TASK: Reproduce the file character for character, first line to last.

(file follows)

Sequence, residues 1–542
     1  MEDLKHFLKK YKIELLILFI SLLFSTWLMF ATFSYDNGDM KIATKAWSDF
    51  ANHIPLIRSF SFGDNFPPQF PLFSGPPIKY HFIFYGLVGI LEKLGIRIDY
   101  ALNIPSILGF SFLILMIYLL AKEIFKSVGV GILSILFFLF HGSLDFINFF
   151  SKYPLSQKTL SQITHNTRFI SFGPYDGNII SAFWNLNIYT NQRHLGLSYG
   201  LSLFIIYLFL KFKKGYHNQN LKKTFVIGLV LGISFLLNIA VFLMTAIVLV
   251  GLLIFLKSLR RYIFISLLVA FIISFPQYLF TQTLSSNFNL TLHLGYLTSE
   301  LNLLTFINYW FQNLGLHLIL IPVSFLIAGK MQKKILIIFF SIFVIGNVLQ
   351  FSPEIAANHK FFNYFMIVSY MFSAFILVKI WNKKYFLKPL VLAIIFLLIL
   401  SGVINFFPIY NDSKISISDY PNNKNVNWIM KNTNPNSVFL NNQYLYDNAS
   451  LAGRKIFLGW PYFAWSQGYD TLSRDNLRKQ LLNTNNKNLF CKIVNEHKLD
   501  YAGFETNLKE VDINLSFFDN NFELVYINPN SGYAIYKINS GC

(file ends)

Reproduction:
Sequence, residues 1–542
     1  MEDLKHFLKK YKIELLILFI SLLFSTWLMF ATFSYDNGDM KIATKAWSDF
    51  ANHIPLIRSF SFGDNFPPQF PLFSGPPIKY HFIFYGLVGI LEKLGIRIDY
   101  ALNIPSILGF SFLILMIYLL AKEIFKSVGV GILSILFFLF HGSLDFINFF
   151  SKYPLSQKTL SQITHNTRFI SFGPYDGNII SAFWNLNIYT NQRHLGLSYG
   201  LSLFIIYLFL KFKKGYHNQN LKKTFVIGLV LGISFLLNIA VFLMTAIVLV
   251  GLLIFLKSLR RYIFISLLVA FIISFPQYLF TQTLSSNFNL TLHLGYLTSE
   301  LNLLTFINYW FQNLGLHLIL IPVSFLIAGK MQKKILIIFF SIFVIGNVLQ
   351  FSPEIAANHK FFNYFMIVSY MFSAFILVKI WNKKYFLKPL VLAIIFLLIL
   401  SGVINFFPIY NDSKISISDY PNNKNVNWIM KNTNPNSVFL NNQYLYDNAS
   451  LAGRKIFLGW PYFAWSQGYD TLSRDNLRKQ LLNTNNKNLF CKIVNEHKLD
   501  YAGFETNLKE VDINLSFFDN NFELVYINPN SGYAIYKINS GC